Bluefire Mobile in Austin Scares Businesses With Spam Message

responsive-design

By Brian Pasch

Are you tired of getting spam in your inbox every day? The obvious spam emails are filtered out of my inbox, but there are still a number of emails that get through.  The ones I hate the most are the companies that think its ok to “purchase” email lists and mass mail companies with a quick scam.

There is another kind of marketer that figures out a pattern of email addresses, like firstname.lastname@company.com, and send a mass blast through your organization. There is a third company that trolls LinkedIn profiles, and pieces together email campaigns based on what they think are good prospects.

Lazy marketing tactics may seem like a way to build a new business, but it always backfires.  In this case it pissed off the CEO of one company Bluefire Mobile wanted to target.

mabel-email

Bluefire Mobile Emails

Today was a tipping point, so I’m calling out another company that has taken the low road to building a business.  Mabel Bastidas, is a former employee that left the company three years ago. According to her LinkedIn profile, Mabel was an Internet Marketing Manager for PCG Digital Marketing.

On April 17, 2014, Mabel was sent an email from Bluefire Mobile in Austin Texas, addressing her as an Internet Marketing Manager with a business address of New York.  The email to Mabel states that the PCG Digital Marketing website doesn’t navigate well and needs a responsive  design.

Trying to scare Mabel, the email uses the words “difficult to navigate” and “scroll extensively” when describing how the website works on mobile and tablet devices.

Mabel was never based in New York; she worked in our Ecuador office. Our website has a responsive design so this email had nothing to do with our specific website.  In fact, I think that this was a mass “spam” attempt to get people worried about their website and call the company for help.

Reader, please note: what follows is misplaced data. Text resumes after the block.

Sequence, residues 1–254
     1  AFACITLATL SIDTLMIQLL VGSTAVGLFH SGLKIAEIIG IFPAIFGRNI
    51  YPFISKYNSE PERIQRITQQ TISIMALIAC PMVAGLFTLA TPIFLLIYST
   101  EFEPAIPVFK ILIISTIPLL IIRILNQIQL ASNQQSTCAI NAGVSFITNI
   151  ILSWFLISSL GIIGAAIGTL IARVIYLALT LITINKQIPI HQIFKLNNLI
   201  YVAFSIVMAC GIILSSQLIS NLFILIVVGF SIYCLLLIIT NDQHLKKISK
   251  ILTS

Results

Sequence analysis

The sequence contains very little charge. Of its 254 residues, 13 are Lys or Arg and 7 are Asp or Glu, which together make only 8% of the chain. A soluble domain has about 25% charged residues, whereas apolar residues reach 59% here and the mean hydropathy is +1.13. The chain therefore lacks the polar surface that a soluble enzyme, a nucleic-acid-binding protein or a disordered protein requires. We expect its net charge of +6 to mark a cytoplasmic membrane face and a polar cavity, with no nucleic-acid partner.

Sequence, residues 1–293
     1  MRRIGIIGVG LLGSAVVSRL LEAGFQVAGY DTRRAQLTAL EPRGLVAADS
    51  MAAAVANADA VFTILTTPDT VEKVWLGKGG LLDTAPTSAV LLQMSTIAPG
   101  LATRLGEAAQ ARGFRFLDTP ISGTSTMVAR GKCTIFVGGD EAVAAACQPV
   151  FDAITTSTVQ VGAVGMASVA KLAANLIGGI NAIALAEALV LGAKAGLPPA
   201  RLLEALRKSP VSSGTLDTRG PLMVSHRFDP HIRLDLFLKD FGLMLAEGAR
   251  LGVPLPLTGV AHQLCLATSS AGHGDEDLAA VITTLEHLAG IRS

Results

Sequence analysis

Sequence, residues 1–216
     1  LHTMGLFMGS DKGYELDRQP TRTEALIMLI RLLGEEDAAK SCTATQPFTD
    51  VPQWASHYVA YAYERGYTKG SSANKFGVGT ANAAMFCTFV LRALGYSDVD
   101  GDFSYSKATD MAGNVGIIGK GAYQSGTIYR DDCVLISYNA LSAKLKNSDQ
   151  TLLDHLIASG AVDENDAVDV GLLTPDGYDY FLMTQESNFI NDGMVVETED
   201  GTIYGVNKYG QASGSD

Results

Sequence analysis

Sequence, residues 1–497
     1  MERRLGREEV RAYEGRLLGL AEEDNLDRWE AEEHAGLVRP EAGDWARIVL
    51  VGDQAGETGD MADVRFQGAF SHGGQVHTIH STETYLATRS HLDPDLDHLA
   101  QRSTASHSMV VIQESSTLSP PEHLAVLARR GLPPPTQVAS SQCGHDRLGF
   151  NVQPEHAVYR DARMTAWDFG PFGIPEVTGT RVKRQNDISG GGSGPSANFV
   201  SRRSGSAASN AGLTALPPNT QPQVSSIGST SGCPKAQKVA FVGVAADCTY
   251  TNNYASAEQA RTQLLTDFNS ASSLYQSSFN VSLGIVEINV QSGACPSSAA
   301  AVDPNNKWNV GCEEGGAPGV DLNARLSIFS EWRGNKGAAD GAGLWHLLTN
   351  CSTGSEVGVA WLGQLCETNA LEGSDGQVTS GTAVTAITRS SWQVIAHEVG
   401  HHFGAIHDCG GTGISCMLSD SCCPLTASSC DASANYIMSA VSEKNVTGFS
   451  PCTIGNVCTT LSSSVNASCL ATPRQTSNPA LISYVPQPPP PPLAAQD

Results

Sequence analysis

Bluefire Mobile Email Texas

Interestingly, on April 12, 2014 Steve Murphy, a former employee of PCG, received the exact same email, but he was called an Digital Marketing Consultant, a title on his LinkedIn profile. His email also had a New York address, which is odd because our office is in Eatontown New Jersey.

Looks like a pattern here, and it reeks of bad practice.

DO EMAIL Marketing Ethics MATTER?

It looks like Bluefire Mobile bought or created a list, and is sending out emails to people who never indicated any interest in their company. In my opinion, the e-mails are not based on any analysis of my company website and I think that that are intended to generate fear.

Is this the type of company you would want to handle your online presence? You will have to make that decision yourself.

I am just tired of email scare tactics, like the old domain registration emails, that are flooding inboxes. What kind of strategy does Bluefire Mobile have in mind for next year?

Have You Been Spammed?

If you have received an email from Bluefire Mobile, forward me a copy please so I can try to figure out how they are building this list and take appropriate action.

Forward the email to: brian@pcgmailer.com

On the BlueFire Mobile website, the company lists their management and sales team, but there is no Jaime Ryan on the list of employees. The LinkedIn list of employees for Bluefire Design did NOT list Jaime Ryan as an employee either.  In fact many of the people on the management team cannot be found on LinkedIn.

I did however find a photo of their founder, Dan Monahan, who is obviously celebrating for some reason. His LinkedIn profile identifies him as the founder of Bluefire Design, which I guess is the parent company.

doug-monahan-bluefire-mobile-ceo

Related To Another Scam?

When I checked the address for this company that was listed on their website, another company name was shown on the directory listing called “MobileZapp“.  A Facebook search found this AMAZING Facebook page: